Although the surplus items did not achieve a high resale value, the pilot was successful in reducing the amount of potential waste to landfill. Almost $5,000 was raised through GCSurplus sales, all of which went back into the Sale Proceeds Account. Additional savings included $25,000 worth of workstations and office furniture donated to Parks Canada, Habitat for Humanity, a Calgary drop-in shelter and the Calgary Public Library. This resulted in a further savings of $12,400 in disposal costs associated with bins and labour. In total, nearly $43,000 was saved through this project.
Using environmentally sustainable principles, we identified new opportunities and introduced methodology to divert furniture, electronic waste, equipment and other materials from landfill. As we continue to reduce our real estate footprint, we will continue to utilize sustainable solutions to reduce waste and promote environmental solutions.
A consolidation and decommissioning project was completed in our Winnipeg locations during the 2017-2018 fiscal year. The project consisted of four main activities:
Consolidating all French Services employees from our St. Boniface location to the downtown CBC Winnipeg building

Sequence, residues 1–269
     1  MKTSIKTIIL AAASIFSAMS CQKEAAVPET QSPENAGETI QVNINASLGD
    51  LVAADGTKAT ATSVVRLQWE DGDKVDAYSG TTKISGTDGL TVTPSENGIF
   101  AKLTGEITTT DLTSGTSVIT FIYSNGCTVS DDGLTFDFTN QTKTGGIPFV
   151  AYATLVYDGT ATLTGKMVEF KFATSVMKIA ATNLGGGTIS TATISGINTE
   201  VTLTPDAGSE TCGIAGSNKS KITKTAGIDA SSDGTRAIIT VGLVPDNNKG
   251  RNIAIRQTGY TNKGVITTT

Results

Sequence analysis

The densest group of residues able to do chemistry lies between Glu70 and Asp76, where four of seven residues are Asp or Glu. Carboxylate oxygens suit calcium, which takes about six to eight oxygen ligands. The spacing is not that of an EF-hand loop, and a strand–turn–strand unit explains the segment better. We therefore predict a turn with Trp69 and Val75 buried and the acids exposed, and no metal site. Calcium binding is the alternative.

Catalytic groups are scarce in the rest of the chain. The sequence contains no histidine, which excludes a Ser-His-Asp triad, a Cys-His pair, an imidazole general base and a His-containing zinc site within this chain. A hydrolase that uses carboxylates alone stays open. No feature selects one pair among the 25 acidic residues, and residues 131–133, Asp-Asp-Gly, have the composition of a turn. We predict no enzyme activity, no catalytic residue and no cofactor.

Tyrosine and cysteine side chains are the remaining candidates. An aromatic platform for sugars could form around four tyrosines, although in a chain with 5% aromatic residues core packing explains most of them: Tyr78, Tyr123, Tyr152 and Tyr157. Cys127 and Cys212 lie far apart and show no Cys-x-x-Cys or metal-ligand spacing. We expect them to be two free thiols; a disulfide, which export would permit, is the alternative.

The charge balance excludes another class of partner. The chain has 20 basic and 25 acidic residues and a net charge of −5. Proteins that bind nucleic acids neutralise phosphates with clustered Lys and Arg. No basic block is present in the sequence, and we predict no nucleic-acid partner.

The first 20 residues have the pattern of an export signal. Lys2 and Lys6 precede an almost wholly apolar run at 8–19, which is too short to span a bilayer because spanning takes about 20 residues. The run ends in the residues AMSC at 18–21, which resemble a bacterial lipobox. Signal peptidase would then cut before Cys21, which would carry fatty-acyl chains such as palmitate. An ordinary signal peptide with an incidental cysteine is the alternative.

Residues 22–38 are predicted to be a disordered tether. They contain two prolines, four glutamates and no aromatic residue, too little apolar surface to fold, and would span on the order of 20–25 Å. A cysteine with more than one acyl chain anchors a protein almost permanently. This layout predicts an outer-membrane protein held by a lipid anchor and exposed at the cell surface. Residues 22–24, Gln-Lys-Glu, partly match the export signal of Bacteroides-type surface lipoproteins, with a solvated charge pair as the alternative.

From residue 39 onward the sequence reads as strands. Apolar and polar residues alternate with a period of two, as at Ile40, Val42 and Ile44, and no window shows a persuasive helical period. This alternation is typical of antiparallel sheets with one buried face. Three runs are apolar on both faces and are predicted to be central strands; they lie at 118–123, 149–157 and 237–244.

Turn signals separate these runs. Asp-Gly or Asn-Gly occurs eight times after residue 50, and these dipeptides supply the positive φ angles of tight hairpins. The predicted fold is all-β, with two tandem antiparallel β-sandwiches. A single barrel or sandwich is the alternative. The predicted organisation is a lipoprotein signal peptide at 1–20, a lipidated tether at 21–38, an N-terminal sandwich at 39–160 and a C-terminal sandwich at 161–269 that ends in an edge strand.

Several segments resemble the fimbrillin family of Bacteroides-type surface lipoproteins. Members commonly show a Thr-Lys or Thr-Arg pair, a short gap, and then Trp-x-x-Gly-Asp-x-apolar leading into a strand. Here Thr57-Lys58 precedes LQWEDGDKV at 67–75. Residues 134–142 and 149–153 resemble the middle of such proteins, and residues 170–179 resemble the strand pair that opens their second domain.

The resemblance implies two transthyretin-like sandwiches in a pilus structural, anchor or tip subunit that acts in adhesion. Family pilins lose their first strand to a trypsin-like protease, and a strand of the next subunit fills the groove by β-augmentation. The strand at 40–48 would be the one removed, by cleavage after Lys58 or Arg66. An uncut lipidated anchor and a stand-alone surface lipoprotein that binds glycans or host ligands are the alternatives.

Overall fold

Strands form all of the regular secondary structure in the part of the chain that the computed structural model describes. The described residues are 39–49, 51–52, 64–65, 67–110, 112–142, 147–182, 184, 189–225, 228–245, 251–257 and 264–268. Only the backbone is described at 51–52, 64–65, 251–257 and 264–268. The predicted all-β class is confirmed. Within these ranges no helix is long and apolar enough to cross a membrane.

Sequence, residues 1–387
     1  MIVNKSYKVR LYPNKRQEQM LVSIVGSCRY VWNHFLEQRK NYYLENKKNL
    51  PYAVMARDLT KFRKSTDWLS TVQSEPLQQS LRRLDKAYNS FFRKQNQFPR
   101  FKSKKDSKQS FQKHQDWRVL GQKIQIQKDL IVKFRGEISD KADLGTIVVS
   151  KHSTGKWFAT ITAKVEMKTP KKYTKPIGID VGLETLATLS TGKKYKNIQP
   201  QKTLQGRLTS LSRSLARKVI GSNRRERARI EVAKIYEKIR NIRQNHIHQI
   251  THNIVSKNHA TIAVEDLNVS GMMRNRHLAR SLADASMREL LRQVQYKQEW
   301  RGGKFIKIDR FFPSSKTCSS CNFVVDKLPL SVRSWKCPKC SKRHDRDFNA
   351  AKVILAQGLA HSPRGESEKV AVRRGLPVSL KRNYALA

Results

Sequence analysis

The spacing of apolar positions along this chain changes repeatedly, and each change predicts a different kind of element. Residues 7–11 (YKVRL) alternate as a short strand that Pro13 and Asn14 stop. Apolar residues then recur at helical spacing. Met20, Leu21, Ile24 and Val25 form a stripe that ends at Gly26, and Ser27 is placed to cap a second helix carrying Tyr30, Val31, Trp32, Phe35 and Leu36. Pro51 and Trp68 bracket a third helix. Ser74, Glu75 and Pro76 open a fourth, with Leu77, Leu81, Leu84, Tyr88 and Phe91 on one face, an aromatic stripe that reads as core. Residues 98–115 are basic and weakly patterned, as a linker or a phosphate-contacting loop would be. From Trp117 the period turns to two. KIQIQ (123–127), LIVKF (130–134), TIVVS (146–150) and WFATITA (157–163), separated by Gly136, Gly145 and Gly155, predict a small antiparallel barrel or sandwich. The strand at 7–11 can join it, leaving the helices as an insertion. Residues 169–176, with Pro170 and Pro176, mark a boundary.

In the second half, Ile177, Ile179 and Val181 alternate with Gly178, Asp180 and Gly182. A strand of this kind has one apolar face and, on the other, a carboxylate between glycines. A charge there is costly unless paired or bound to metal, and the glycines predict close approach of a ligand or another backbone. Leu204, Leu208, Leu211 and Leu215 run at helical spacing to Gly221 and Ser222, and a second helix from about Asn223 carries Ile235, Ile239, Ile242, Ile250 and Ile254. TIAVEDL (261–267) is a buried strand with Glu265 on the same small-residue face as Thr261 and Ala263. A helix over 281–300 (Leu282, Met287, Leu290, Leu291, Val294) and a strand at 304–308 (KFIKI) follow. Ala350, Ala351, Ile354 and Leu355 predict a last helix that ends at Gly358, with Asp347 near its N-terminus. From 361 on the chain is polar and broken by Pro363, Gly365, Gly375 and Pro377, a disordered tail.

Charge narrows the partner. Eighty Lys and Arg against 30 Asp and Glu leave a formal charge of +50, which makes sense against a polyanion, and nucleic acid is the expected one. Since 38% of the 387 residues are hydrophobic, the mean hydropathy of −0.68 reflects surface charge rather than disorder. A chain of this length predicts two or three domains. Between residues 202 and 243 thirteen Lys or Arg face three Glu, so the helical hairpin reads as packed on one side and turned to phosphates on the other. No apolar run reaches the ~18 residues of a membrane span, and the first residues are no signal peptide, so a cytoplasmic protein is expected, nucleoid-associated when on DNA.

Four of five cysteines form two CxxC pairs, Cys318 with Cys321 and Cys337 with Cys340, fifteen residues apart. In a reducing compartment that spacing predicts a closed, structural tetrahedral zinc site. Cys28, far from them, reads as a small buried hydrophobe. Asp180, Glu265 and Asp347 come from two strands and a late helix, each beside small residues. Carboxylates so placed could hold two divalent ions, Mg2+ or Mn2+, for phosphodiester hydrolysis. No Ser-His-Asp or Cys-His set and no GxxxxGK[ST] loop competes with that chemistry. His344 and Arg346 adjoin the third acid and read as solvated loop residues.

Moving Transmission employees to a smaller renovated space in our St. Boniface building
Releasing our contract at a leased building where our Transmission employees were originally based
Decommissioning old studio space in the St. Boniface building in preparation to lease unoccupied space
As a result, three radio and one television studio were decommissioned, along with a central equipment and telephone room, resulting in the generation of enough e-waste to fill three-quarters of a semi trailer; that waste was then processed for recycling. In addition, the consolidation of our employees into one location is anticipated to impact the carbon footprint as it relates to our fleet. Prior to the move, multiple employees from different locations were assigned to cover the same story. Now, assigned employees leave the same building in one vehicle, increasing our process efficiency while contributing to the reduction of our footprint.